For decades, director Martin Scorsese has been a dedicated film preservationist and an enthusiastic cheerleader for early cinema, but Hugo may be the first time he has aimed his pro–silent movie message squarely at children. It’s an odd moral for kids (as opposed to film students or cinephiles), and it makes for an odd film: broad in its style and messaging and self-indulgent in its pacing, yet also magnificently cinematic in Scorsese’s inimitable way and charmingly earnest about its subject matter. The idiosyncratic result sometimes plods, but more often it takes flight, particularly after it begins its exploration of the extraordinary films of Georges Méliès. I’m not sure whether I would have enjoyed Hugo as a child, but as an adult, I eventually fell under its spell.
The hero of the film, based on Brian Selznick’s Caldecott-winning book, is Hugo Cabret (Asa Butterfield), a young orphan who lives in a 1930s Paris railway station, where he maintains the clocks, hides from the station inspector (Sacha Baron Cohen), and attempts to repair a mysterious automaton left to him by his beloved father (Jude Law). When Georges (Ben Kingsley), the melancholy owner of a toyshop, catches Hugo stealing gears for his secret project, Hugo meets Isabelle (Chloë Grace Moretz), Georges’s goddaughter, another bright, curious orphan. The two become friends—Isabelle sharing her love of books, Hugo introducing her to movies—and eventually discover a connection between the automaton and Papa Georges.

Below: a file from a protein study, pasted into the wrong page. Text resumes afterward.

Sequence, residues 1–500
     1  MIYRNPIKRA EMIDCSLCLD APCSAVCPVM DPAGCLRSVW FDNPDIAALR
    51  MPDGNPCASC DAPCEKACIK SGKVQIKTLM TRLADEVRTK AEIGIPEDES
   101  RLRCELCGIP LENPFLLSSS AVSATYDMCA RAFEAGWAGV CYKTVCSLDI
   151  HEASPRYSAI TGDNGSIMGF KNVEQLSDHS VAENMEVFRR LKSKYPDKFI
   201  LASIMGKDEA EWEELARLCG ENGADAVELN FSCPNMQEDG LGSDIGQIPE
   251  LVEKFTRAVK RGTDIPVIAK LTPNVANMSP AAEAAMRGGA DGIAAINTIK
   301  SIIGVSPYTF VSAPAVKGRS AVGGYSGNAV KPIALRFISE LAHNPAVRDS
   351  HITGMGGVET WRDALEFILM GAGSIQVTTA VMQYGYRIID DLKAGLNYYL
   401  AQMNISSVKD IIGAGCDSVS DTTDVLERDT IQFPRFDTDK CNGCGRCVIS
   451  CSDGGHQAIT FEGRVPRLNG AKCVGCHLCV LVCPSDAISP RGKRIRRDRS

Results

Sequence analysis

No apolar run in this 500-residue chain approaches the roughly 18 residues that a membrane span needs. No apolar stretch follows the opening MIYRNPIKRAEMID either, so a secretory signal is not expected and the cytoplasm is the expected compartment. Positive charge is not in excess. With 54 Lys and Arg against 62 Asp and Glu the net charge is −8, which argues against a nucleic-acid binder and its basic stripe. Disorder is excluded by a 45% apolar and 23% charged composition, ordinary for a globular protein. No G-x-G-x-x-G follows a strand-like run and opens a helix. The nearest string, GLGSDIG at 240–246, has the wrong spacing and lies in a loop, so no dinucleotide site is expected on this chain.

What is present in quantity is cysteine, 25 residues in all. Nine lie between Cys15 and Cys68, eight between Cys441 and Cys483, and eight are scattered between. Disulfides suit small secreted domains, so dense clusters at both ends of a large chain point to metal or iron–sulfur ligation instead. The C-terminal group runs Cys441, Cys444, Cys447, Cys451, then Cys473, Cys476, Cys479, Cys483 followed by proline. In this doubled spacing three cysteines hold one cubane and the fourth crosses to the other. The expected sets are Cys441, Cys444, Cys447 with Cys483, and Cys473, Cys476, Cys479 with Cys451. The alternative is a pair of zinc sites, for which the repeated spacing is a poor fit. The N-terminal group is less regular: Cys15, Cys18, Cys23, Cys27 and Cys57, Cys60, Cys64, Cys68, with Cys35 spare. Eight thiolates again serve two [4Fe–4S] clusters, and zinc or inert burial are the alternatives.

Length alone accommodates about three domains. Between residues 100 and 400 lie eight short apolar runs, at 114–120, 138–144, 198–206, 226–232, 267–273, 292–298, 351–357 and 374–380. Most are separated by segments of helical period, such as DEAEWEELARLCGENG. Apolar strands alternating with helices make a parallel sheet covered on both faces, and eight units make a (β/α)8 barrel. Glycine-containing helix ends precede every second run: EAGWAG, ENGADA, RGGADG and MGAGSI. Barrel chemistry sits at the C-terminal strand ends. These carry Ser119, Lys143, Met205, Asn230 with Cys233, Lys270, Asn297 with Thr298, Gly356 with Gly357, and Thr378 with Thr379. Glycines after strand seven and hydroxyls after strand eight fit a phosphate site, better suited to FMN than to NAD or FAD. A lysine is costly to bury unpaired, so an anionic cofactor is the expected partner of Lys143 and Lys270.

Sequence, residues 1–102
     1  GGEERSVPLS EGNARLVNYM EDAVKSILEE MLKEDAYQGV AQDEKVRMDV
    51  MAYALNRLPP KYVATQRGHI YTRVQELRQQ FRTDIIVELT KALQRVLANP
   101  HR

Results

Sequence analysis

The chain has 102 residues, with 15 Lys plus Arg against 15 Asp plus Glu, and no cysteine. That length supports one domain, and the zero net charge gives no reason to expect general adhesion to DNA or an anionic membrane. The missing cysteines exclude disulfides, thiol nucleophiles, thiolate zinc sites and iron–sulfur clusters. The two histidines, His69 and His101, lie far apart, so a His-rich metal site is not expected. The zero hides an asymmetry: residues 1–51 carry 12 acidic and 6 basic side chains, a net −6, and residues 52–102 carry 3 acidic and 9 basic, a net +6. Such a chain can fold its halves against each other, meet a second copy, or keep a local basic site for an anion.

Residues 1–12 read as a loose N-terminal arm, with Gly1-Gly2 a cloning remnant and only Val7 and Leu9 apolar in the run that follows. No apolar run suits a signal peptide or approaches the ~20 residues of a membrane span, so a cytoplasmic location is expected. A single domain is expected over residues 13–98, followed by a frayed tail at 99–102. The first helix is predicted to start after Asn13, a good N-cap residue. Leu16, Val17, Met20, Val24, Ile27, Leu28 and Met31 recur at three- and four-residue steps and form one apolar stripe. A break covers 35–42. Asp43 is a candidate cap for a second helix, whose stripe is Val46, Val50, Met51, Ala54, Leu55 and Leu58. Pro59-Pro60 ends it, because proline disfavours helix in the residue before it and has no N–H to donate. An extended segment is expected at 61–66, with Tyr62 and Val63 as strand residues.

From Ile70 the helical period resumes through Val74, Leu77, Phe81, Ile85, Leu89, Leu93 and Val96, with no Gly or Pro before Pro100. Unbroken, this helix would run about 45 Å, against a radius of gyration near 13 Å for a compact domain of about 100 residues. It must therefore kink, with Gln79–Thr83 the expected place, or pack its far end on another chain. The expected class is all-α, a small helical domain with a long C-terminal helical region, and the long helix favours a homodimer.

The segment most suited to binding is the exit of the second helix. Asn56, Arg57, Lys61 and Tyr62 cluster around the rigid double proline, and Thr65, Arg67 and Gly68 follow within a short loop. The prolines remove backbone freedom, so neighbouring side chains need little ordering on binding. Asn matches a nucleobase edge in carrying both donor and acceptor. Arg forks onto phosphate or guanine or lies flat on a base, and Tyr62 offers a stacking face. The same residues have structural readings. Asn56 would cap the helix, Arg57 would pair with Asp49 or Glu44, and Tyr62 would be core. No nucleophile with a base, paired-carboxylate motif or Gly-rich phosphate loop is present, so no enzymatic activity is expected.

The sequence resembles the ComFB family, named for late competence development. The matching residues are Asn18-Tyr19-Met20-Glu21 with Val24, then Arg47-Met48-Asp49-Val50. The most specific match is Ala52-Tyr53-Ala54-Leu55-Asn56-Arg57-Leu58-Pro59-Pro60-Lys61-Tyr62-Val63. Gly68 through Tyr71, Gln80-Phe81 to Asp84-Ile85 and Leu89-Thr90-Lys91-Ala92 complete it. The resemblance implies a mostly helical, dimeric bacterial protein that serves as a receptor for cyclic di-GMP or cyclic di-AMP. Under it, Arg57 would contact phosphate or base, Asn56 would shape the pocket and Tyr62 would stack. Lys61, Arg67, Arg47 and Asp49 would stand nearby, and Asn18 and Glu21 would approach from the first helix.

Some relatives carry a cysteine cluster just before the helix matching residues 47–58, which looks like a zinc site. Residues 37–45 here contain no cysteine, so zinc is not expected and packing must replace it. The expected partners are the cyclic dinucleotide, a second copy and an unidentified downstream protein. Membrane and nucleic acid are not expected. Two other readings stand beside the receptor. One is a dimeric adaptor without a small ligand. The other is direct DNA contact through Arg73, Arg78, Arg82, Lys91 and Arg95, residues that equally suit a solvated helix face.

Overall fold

The movie spends a great deal of time establishing its setting: the impossibly beautiful railway station and the impossibly elaborate clockwork between the walls. Happily rejecting realism in favor of something far more mythic and arabesque, Hugo flies among enormous turning gears, slips in and out of flashbacks, and dreamily casts an eye on a few characters who would, in another film, have been extras, but here are graceful sketches played by the likes of Richard Griffiths, Frances de la Tour, and Emily Mortimer. The deliberate pace, though expertly modulated, tries my patience somewhat, but Scorsese provides plenty of lovely imagery and emotive faces to sigh over.
Besides, the heart of the movie is worth the wait. Once Papa Georges is revealed to be the inventive, visionary director Georges Méliès, the movie’s once shallow wistfulness deepens considerably. Kingsley, who has a better grasp of the grandly theatric emotional language of Hugo than either of the child actors, embodies Méliès with potent fervency, and Helen McCrory gives a luminous performance as Jeanne, Georges’s wife and former leading lady. When those two take center stage, amid Scorsese’s dazzling recreations of Méliès’s already stunning films, Hugo finally achieves the magic it’s been shooting for all along.